Time To Transform Our Media.

Melissa Compton.

I woke up this morning to an email, showing me a retweet from an ex lecturer of mine, it was someone questioning the values of the staff at a certain publication because of an article, and it got me all fired up here’s why.

These are challenging times to be sure and while drive and ambition are valuable assets, working in media is as competitive and tough as it’s ever been and I don’t think it matters whether we are talking about racism, domestic violence, or any of the other hot topic right now, I am a strong believer that education or in some cases re-education is the key to transforming our world for the better.

Here’s the problem with our media universe, I honestly believe this is a worldwide issue and it is in no way restricted to British media, currently we teach media students to aspire to and seek out fame and glory over all else, then we rightfully complain and challenge professional that put out stories that lack values at their core or in someway give a platform to someone with flawed values. We can not have both ways, if we teach that fame and glory are the goal we always run the risk of reduced values and lack of integrity. One of the first thing that was presented to me during my journalism education was the National Union of Journalists Code of Conduct – I was in university and failing to keep to it was automatic failure. It was a defining moment for my career because now that Code of Conduct is the framework for all I do and honestly I think it should be adapted as a framework for all journalism – most of it is common sense, but it does teach accountability and honestly with some media causes barely covering journalism it can be a vital tool.

But here’s the thing imagine the difference we could make if we just taught media students to aim for better values, to write honest, straight-forward work, to remove the element of fame and popularity and to write and publish journalism, that represents honesty whatever the topic happens to be articles that show both sides of a story instead of a single angle. Holistic journalism is the way forward, when you think of all negative coverage publications and media in general receives if we were presenting a balanced view we could avoid it. That starts with how we teach our students, with the publications we start, with the publications we support for instance I have never brought any other paper than The Guardian – because generally I like their approach and some of their opinion pieces, but if they covered a story that conflicted with a value of mine I wouldn’t buy that copy.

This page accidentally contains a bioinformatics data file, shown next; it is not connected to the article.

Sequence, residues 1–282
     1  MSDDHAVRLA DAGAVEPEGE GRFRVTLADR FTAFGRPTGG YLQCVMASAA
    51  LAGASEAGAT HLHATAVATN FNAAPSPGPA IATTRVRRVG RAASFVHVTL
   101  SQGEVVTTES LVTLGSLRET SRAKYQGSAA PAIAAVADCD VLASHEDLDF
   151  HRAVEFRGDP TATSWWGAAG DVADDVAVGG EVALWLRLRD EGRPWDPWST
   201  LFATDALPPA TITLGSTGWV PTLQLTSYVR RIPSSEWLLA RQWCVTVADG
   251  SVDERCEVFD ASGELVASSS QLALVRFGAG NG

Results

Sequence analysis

Change start with small steps, I believe that the power of education is not being tapped into enough, we are still teaching outdated attitudes and structures, the hunt for fame and glory worked well during bloom periods like the 90’s but we are in a new world a new time and it’s time the media industry as a whole transformed to better represent that time – after all any media is simply a re-representation of something.

I can remember attending a meeting for a MA in Journalism course, and being told things like we’ll teach you to write for a big London magazine 99% of our students go on to write in London, we’ll teach you to walk away from publications and companies that don’t pay you the going rate which they considered to be £250.00 per article (why then does every journalist I know have a second job?) We’ll teach you what you can and can’t say, ask, print. It’s not hard to understand why I decided to walk away and start a my own publication with my own values, none of the above was of interest to me, firstly there’s no point demanding a fee people can’t afford to pay but essentially what as a student I wanted to hear was how they were going to help me develop my talent, would they teach me to pitch articles, or manage a freelancer business, or find publications whose values matched my own. Honestly London wasn’t a draw for me, big and glossy wasn’t where my intentions were set, quality of my work, integrity, accountability writing in a way that enhanced the experience of people where I lived these were my values. I left that meeting with the opinion that if I studied there, they would destroy all that I held dear about myself and turn me into another one of those fame-hunter types that I was encountering everyday.